A Tier 1 Canada Research Chair and professor at the University of Ottawa Faculty of Medicine has discovered a potential new treatment for Alzheimer’s disease using a drug that blocks the activity of a receptor in the brain implicated in the cause of the disease.
In a paper published in Cell Reports, Professor Stephen Ferguson of the uOttawa Brain and Mind Research Institute (uOBMRI) and holder of the Canada Research Chair in Brain and Mind, presents new findings that suggest that blocking a glutamate receptor in the brain called mGluR5 results in improved memory and reduces neuronal pathology in Alzheimer’s mice.
Furthermore, tests show that a drug called CTEP can be used to block mGluR5 and prevent, or even reverse, cellular pathology in Alzheimer’s disease.
“CTEP has the potential to prevent memory loss if it is successful in humans,” says Ferguson, who is now working on expanding this research to further understand the mechanism by which mGluR5 contributes to Alzheimer’s pathology and how blocking it with the CTEP drug can reverse cognitive decline in Alzheimer’s patients.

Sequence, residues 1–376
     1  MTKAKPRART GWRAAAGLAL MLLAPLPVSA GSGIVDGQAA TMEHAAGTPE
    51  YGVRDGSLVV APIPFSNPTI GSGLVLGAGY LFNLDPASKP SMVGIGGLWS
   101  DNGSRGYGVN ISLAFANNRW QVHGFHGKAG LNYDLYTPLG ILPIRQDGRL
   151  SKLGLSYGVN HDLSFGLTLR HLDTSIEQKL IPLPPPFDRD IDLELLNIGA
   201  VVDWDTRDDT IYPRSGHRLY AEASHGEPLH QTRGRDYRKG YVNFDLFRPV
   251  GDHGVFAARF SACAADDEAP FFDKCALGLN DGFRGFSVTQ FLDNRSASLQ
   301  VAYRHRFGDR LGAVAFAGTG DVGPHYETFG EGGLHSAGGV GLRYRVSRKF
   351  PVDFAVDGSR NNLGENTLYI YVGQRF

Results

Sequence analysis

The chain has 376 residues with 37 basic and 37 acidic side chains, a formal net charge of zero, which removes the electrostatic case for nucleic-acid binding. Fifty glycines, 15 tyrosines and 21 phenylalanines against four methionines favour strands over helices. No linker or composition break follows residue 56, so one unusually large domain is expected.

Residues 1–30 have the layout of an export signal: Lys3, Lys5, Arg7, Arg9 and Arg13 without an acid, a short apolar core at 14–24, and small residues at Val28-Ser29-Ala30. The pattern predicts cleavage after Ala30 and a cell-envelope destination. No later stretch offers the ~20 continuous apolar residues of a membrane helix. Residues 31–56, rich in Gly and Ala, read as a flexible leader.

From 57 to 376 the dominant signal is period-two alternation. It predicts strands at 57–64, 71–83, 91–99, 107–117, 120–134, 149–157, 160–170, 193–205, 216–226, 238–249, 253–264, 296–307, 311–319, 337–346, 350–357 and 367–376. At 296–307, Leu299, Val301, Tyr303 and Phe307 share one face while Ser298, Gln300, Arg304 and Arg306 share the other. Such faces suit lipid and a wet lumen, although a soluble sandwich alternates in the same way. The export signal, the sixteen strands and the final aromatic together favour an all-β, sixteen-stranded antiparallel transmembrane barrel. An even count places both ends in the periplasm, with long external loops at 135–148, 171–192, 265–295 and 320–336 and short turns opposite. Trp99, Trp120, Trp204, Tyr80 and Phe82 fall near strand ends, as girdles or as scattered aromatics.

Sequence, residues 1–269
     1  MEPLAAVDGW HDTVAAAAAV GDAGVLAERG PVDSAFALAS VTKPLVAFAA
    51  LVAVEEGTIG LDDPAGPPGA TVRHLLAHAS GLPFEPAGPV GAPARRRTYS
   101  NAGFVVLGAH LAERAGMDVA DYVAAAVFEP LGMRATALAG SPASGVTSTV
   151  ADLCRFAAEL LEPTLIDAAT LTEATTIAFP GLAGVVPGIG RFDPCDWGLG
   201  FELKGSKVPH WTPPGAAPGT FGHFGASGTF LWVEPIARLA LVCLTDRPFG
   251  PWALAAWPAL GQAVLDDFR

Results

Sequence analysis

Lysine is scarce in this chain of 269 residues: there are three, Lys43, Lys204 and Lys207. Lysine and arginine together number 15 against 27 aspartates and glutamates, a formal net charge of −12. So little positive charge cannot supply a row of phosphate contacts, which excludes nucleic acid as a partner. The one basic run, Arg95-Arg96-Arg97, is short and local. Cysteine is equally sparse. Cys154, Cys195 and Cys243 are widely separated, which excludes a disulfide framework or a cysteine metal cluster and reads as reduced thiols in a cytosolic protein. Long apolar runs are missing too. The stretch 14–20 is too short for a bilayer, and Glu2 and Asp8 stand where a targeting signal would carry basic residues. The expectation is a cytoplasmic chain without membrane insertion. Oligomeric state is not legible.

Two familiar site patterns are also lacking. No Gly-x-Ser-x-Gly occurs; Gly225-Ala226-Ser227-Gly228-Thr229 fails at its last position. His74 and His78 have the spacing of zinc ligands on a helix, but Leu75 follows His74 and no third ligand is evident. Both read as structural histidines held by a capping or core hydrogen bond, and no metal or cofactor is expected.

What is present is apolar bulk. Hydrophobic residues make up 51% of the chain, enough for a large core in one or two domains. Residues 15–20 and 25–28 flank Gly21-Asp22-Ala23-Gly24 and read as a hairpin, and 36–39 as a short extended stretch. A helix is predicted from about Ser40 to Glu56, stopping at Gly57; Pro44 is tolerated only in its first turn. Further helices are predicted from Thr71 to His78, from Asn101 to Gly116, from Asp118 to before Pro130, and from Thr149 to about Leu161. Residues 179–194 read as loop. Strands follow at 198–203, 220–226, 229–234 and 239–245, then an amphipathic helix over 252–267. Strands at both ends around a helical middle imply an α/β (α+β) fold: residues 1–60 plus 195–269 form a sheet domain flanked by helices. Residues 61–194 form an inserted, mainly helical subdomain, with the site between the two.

Currently, the CTEP analogue Basimglurant is already in clinical trials for treating the fragile X syndrome in autism and major depression. Ferguson and his team of researchers at the University of Ottawa hope to repurpose that drug for the treatment of Alzheimer’s disease as well.
“We have seen positive results in the lab, and we want to explore that further through a landmark drug trial,” explains Ferguson. “For the next steps, we want to get an idea of how long the drugs are effective and pinpoint the differences between male and female patients.”
Professor Ferguson joined the University of Ottawa in 2015 as a full professor in the Faculty of Medicine’s Department of Cellular and Molecular Medicine. He says he was especially drawn to this university because of the work being done at the uOttawa Brain and Mind Research Institute.
“The kind of interdisciplinary collaboration taking place between researchers at the uOBMRI is extremely positive for academic and clinical results,” says Ferguson. “And I am excited by the amount of support and investment the University is putting into supporting young scientists and young faculty.”
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University of Ottawa